Current liabilities are the enterprise’s short-term financial obligations that are due within one year or within a normal operating cycle.
These are short-term obligations likely to be met by current assets. The operating cycle is also generally known as the cash conversion cycle. This cycle starts with sales to the conversion of cash receipts.
In-depth, it starts from the purchases of raw materials to the conversion of cash from sales. Current liabilities are settled using current assets, which are assets that are to be used up within one year.
Current assets include cash or accounts receivable and other cash equivalents which are received as a result of sales. Examples of current liabilities include:
- Outstanding account payable
- The balance of short-term debt such as bank loans or commercial paper issued to fund operations
- The balance of dividends payable
- Notes payable—the principal portion of outstanding debt
- Current portion of deferred revenue that recognise in the balance sheet, such as prepayments by customers for work not completed or earned yet
Accounts payable form the largest portion of the current liability section on the company’s financial statements. It represents the purchases that are unpaid by the enterprise.
In the cash conversion cycle, companies match the payment dates with accounts receivables making sure that receipts are made before making the payments to the suppliers.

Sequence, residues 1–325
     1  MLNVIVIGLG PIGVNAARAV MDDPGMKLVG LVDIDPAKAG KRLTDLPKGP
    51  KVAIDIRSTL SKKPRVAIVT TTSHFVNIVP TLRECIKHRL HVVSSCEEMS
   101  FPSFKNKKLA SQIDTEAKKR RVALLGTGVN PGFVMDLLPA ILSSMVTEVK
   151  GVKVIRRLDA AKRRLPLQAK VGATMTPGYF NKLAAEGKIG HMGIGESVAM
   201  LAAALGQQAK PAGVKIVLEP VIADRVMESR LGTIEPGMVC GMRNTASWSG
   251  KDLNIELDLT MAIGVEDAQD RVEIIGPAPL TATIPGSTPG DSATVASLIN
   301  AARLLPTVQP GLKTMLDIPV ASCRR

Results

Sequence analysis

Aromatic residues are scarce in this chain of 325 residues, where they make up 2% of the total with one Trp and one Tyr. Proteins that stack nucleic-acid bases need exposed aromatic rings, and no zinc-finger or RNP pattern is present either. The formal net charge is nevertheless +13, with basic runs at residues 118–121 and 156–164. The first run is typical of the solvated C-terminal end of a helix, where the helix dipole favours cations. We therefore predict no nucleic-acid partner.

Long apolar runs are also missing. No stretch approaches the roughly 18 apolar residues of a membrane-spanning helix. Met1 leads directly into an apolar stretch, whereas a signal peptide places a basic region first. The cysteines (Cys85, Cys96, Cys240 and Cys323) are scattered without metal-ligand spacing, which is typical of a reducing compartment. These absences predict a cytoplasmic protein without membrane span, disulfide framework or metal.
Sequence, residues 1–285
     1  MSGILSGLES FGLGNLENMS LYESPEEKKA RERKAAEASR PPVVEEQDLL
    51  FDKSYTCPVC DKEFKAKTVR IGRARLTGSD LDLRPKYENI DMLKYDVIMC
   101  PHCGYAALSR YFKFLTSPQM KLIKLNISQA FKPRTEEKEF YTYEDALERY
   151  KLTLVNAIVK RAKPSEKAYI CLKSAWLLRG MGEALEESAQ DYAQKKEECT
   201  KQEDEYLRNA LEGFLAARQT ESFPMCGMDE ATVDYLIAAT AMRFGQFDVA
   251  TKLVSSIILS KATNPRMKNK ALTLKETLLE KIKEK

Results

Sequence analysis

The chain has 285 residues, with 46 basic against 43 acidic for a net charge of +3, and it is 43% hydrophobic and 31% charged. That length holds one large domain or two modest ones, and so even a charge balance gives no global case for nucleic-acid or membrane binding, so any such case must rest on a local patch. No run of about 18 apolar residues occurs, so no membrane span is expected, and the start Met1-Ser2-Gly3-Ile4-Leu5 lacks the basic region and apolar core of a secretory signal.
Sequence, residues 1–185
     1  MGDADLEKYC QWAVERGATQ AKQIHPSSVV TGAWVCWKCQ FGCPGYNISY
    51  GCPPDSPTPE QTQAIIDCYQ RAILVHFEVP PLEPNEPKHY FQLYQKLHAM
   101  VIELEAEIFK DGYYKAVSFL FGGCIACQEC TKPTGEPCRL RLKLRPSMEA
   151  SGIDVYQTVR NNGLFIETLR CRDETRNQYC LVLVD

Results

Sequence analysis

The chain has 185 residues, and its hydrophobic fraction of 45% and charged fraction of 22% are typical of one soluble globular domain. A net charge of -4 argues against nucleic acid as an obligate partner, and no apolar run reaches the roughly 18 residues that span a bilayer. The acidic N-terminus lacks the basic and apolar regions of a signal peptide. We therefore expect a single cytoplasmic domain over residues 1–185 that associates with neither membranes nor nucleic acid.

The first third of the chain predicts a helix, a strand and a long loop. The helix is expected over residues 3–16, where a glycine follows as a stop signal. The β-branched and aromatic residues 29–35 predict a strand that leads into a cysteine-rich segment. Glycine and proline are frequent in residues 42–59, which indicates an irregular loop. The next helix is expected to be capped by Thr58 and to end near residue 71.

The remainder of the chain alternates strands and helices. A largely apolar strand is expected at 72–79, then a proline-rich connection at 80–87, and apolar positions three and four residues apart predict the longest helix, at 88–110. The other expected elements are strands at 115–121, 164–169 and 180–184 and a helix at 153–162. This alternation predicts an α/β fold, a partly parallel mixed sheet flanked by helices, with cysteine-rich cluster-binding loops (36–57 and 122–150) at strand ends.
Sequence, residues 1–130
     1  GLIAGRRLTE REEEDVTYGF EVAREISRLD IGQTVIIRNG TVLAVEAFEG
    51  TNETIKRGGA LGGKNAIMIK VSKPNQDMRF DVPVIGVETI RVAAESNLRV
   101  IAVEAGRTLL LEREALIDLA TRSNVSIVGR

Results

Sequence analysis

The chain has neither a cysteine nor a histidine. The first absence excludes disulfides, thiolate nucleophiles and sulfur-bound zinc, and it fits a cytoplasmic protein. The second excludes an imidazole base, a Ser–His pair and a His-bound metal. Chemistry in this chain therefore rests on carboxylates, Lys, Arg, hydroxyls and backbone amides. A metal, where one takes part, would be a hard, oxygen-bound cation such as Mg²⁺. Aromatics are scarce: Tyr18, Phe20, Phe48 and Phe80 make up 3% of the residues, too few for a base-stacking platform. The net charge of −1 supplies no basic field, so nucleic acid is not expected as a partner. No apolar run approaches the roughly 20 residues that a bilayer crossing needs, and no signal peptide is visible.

The lower the accounts payable days the better. It reflects that the company is able to realize the cash in a good fashion.
An example would be: The Bold Fashions Ltd bought textile garments from Sri Textile traders as raw materials on credit. The Bold Fashions here got the inventory as a current asset while creating a short-term obligation on the other hand.
Accounting treatment in Financial Statements
Accounts payable fall under current liabilities section which falls under liabilities part of the Balance sheet as shown below:
|Liabilities and capital||Amount ($)||Assets||Amount ($)|
|Shareholders’ equity||X||Non – current Assets||X|
|Other current Liabilities||X|
Why are accounts payable a current Liability?
When the company determines the economic benefits must be paid within a year, it should immediately record credit entries for current liability.
Reflecting on the circumstances of the received benefit, the accountants shall classify it as either asset or expense, that assumes the debit side of the entry. As the credit side is emphasized, it is a current liability.
The nature of accounts payable is a short-term obligation. The company is generally expected to pay for the purchases within 30-180 days in the general business scenario.
When the accounts payable age is greater than 180 days, serious doubts arise on the liquidity and stability of the company to meet its short-term obligations.
The common characteristics below conclude why accounts payable is within current liability:
- Both are short term obligations to meet within the year.
- Accounts payable is a subset of current liability.
- The significant portion of working capital requires the management of accounts receivable and accounts payable, both contributing to a healthy cash conversion cycle and so does current liabilities as a whole.
- Both accounts payable and current liabilities are the results of a past transaction that obligates the entity.